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Canada - Helping to dive Honda’s engine

MAPCAN, the newest manufacturing plant in Alliston, may only have one product and one customer but it’s gearing up for a 24-hour-a-day, five-days-a-week schedule once it’s in full motion.

“We’ll be into full production later this year as Honda ramps up their engine plant,” says Molten Aluminum Producer Canada (MAPCAN) president Brad Wilson. “They announced they’ll be producing about 200,000 engines at full capacity.”

MAPCAN produces the liquid metal for use in engine blocks and engine heads for the plant across the road, and ingots for shipment to the engine plant in Ohio.

With associates on the floor at the engine plant monitoring the levels of molten aluminum in the die-castingholding furnace, there is never a slow-down in production waiting for materials.

“We deliver it directly to their die-cast machines,” says Wilson.

In a joint venture between the Honda Trading Group of Companies (HTC) and Asahi Seiren Co. Ltd., a $16-million facility was constructed to house this unique supplier.

 “This is a clean and green operation,” said HTC’s president and CEO Motohide Sudo.

“Material that could otherwise end up as landfill – household siding, wheels, cars and other scrap aluminum – is recycled into quality built, four cylinder Honda automobile engines. 

“Virtually 100 per cent of the molten aluminum we supply to Honda will come from recycled material,” he said.

All scrap aluminum is purchased from major scrap dealers in southern Ontario, Quebec, New York and Michigan, says Wilson. “We don’t buy from the public. The scrap we buy is already prepared, sorted and baled.”

“We expect that this uniquely ‘green’ and hi-tech facility will achieve the target of 0 per cent waste to landfill and provide valuable support to the HCM engine plant,” said Wilson. Carbon dioxide emissions will be reduced by as much as 1,600 tonnes annually.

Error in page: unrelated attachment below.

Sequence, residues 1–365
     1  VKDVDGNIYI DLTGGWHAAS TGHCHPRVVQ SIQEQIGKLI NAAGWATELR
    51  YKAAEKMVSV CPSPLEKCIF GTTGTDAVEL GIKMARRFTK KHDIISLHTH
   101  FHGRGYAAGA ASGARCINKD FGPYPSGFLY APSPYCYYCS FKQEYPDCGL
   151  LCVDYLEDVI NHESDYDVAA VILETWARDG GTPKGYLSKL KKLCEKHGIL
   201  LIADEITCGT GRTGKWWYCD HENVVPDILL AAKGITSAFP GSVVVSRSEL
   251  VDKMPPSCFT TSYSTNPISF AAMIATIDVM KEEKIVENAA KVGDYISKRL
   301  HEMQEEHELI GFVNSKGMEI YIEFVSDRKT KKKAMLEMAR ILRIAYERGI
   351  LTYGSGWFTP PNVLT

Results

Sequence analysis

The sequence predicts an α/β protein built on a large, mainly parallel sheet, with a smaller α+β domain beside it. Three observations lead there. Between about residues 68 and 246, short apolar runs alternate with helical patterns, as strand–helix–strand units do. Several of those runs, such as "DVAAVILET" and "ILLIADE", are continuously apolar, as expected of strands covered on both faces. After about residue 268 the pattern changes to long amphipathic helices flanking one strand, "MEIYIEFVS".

This is a priority for owners and staff alike.

When received, the bales of scrap are stored inside to retain a clean look outside and to ensure the metal stays dry. If water gets trapped under the molten aluminum, there could be an explosion, says Wilson.

Consequently, front-end loaders and forklifts deliver the scrap from the inside storage facility to the open-well reverbatory furnaces. Care is taken to include the necessary type of scrap.

“Based on batch, we’ll pick up so much of this and so much of that – each type of scrap has its own chemistry,” he explains. “We blend it to create the two types of alloys we’re making.”

Engine blocks are made with high-pressure die casting and the heads are made with low-pressure die casting. The different processes require different characteristics of molten aluminum. What is consistent is heat.

“Our customer has very specific delivery temperatures – requirements we must meet,” says Wilson.

“We are delivering on a just-in-time basis, so we have to be very careful.”

The molten aluminum is shipped across the road in pots directly into the die-casting machines by MAPCAN. For the U.S. destination, 65 12-kg ingots are bundled together before shipping them out.

During the melting process, the chimneys are carefully filtered with washable filters to clean the air before it reaches the outdoors. And in the furnaces, oxides that are skimmed from the melting metal are sent to a specialty recycler in Quebec to be used again.

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